A tunable, atomically thin materials platform may help researchers figure out how to create a robust quantum condensate that can flow without dissipation of energy — potentially paving the way for ultra-efficient lossless electronic devices.
A new study reveals how the diminutive Moon could have been an occasional magnetic powerhouse early in its history, a question that has confounded researchers since NASA’s Apollo program began returning lunar samples in 1969.
Tejal Desai, a professor and researcher who has led academic programs at the University of California San Francisco, Boston University and elsewhere, will work to expand collaborative engineering research and teaching.
A new discovery could help scientists to understand “strange metals,” a class of materials that are related to high-temperature superconductors and share fundamental quantum attributes with black holes.
Magnets and superconductors don’t normally get along, but a new study shows that ‘magic-angle’ graphene is capable of producing both superconductivity and ferromagnetism, which could be useful in quantum computing.
Through DEEPS STEP, Brown postdocs, undergraduate and graduate students develop and teach a science curriculum, complete with engaging, hands-on activities, to elementary students in the Providence Public School District.
With the help of an advanced machine learning technique, researchers from Brown University suggest strategies for improving the performance of epidemiological models used to predict the course of pandemics.
By observing how strange particles called anyons dissipate heat, researchers have shown that they can probe the properties of these particles in systems that could be relevant for topological quantum computing.
A five-year, $1.5 million grant from the National Institutes of Health will support Ahmed Abdelfattah’s research to shed light on brain activity, which could ultimately benefit patients facing a range of disorders.
The COBRE Center for Computational Biology of Human Disease is advancing the use of computational tools among biomedical scientists at Brown, helping them unlock new insights that could ultimately benefit patients.
A report by a panel of experts chaired by a Brown professor concludes that AI has made a major leap from the lab to people’s lives in recent years, which increases the urgency to understand its potential negative effects.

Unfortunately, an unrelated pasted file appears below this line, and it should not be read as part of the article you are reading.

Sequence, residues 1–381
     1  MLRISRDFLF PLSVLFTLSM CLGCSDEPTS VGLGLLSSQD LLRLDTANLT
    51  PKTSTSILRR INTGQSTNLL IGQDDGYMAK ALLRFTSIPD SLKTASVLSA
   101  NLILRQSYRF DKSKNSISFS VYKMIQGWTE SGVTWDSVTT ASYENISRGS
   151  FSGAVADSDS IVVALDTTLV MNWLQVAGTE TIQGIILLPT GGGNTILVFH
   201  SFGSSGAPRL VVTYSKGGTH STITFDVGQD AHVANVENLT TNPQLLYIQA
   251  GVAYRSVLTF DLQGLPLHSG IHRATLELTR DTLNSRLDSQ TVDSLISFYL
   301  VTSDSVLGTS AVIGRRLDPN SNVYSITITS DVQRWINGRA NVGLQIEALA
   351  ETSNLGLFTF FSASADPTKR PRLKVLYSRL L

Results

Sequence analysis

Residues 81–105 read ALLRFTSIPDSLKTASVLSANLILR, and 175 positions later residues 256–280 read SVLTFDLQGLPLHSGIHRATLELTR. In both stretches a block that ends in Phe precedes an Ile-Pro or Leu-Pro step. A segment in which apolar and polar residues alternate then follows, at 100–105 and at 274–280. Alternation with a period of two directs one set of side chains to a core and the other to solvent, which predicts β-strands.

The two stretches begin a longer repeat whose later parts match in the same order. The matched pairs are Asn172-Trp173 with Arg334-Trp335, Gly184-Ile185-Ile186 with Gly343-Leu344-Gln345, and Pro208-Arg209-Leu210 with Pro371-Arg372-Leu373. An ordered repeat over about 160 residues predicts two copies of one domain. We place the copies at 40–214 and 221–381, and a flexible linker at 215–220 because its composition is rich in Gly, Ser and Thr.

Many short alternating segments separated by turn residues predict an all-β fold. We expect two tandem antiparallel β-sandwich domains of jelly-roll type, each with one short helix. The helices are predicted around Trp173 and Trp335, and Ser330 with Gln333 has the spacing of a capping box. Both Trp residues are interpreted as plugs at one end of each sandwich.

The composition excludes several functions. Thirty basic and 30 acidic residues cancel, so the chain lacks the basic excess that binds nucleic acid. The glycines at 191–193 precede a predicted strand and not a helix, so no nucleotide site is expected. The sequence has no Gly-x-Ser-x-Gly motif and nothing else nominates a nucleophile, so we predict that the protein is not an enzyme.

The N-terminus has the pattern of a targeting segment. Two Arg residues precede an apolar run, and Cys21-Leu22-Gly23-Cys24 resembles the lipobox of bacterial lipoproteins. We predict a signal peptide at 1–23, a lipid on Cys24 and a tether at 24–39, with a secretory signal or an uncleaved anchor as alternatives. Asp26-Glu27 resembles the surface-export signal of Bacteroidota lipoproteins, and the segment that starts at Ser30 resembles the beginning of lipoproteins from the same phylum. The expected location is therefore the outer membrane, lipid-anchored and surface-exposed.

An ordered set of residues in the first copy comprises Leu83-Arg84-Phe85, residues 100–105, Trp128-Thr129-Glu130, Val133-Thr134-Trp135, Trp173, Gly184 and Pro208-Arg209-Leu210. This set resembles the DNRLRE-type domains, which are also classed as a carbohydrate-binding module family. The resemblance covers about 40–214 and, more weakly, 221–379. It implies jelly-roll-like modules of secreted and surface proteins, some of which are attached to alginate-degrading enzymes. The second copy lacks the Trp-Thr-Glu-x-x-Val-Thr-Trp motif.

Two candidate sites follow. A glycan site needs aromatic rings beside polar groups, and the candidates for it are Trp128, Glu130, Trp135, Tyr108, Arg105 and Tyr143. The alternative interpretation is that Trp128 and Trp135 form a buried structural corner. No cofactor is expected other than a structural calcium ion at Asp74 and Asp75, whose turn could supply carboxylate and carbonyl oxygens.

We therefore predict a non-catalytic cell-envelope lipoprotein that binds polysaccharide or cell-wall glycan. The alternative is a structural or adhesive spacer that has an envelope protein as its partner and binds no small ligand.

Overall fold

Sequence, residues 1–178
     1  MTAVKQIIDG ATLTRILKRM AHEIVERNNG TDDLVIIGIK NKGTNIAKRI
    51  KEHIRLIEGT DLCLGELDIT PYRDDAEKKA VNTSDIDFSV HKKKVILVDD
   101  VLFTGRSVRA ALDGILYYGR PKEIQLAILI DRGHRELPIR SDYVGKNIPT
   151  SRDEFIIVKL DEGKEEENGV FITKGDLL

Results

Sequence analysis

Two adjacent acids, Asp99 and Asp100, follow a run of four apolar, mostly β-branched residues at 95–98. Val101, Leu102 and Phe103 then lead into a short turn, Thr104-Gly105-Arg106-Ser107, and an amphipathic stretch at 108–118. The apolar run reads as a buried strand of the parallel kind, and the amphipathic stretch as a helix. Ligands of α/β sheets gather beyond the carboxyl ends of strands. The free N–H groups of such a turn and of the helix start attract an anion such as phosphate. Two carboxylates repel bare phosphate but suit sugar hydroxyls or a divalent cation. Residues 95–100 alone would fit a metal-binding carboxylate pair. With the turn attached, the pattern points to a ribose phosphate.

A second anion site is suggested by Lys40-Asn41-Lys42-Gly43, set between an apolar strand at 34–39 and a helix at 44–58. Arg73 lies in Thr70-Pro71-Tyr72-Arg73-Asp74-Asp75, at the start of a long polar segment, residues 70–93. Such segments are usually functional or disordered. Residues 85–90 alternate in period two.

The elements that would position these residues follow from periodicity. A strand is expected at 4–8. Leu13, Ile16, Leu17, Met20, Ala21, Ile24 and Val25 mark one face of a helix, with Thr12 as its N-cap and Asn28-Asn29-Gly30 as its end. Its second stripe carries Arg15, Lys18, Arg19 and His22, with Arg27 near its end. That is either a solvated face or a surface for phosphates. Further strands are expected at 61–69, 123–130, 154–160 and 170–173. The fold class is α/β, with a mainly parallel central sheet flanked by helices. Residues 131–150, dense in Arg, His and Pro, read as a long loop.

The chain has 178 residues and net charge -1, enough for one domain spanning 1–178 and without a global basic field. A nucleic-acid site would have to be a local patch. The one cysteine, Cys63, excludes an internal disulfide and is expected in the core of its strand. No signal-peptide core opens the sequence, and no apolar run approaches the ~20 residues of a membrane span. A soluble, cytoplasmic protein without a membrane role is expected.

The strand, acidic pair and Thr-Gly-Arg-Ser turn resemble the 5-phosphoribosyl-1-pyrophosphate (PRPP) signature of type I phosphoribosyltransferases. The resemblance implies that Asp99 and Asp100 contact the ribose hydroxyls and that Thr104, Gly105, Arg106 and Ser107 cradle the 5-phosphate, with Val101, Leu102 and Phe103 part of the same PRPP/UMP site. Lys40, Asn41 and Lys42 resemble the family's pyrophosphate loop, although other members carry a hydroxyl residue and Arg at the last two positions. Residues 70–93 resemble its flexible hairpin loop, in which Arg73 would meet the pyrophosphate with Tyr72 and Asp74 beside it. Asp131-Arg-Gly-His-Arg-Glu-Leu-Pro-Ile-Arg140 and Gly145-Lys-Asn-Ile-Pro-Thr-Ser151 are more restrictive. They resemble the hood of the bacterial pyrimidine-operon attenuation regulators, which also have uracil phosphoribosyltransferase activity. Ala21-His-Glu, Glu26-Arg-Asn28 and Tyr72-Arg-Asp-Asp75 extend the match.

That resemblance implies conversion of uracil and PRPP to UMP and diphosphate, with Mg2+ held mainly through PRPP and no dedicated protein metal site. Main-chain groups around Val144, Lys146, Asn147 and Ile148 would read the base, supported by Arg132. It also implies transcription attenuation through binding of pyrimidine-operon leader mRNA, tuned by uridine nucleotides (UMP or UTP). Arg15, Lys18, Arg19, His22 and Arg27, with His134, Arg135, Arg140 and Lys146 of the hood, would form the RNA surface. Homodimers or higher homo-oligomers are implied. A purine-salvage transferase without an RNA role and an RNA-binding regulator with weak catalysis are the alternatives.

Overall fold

With five years of renewed federal funding, Advance-CTR will support researchers in taking their work from bench to bedside to the broader community, ultimately making a direct and positive impact on the people of Rhode Island.
Brown researcher John Sedivy, lead author of a sweeping review article about transposons, explains what these mobile genetic elements are, how they are more harmful than benign and where their weaknesses may lie.
Through a nine-week program organized by the Carney Institute for Brain Science, undergraduates from multiple universities learn the building blocks of computational brain science, a growing and increasingly important field.
Working with the National Society of Black Physicists and the Harlem Gallery of Science, Brown physicist Stephon Alexander with the help of Ph.D. student Farrah Simpson launched the Dream+Inspire: Mentoring Future Leaders program.
A study that looked at 10-year outcomes of the Initiative to Maximize Student Development showed that it increased diversity within academic programs and prepared underrepresented students for successful careers in STEM.
Data queries written in Python, a commonly used programming language, can grind data analytics platforms to a crawl, but a new platform developed by researchers from Brown and MIT may finally solve the Python efficiency problem.
With a $1 million grant from the Simons Foundation, Brown physicist Stephon Alexander will look to expand Einstein’s theory of gravity to explain cosmic mysteries like dark matter and black hole singularities.
A new infectious disease model that accounts for people’s ‘level of caution’ or ‘sense of safety’ accurately captures surges and declines in COVID-19 cases since March 2020 — and could help predict how the pandemic will eventually end.
New research finds that increases in monsoon rainfall over the past million years were linked with increases in atmospheric CO2 and the import of moisture from the southern hemisphere, which suggests stronger rains in the future as CO2 levels rise.
In a study that could help to bring inexpensive, efficient perovskite solar cells one step closer to commercial use, researchers found a way to strengthen a key weak point in the cells, dramatically increasing their functional life.
New research shows that water pressure beneath a glacier influences how fast it flows, a finding that could help in predicting the pace at which glaciers slide into the ocean and drive sea level upward.
In an important step toward a fully implantable intracortical brain-computer interface system, BrainGate researchers demonstrated the first human use of a wireless transmitter capable of delivering high-bandwidth neural signals.
A new study shows that an artificial intelligence system informed with the physical laws governing flowing fluids can infer pressures and stresses on capillaries just by analyzing images or videos of blood flow.
New research in the journal Science describes a technique that weakens the repulsive force between electrons in “magic-angle” graphene superconductors, providing physicists with exciting new details about this strange state of matter.
Brown University computer scientists, working with a U.S. senator, have proposed a gun registry database that’s ultra-secure and decentralized, potentially easing concerns about privacy and federal overreach.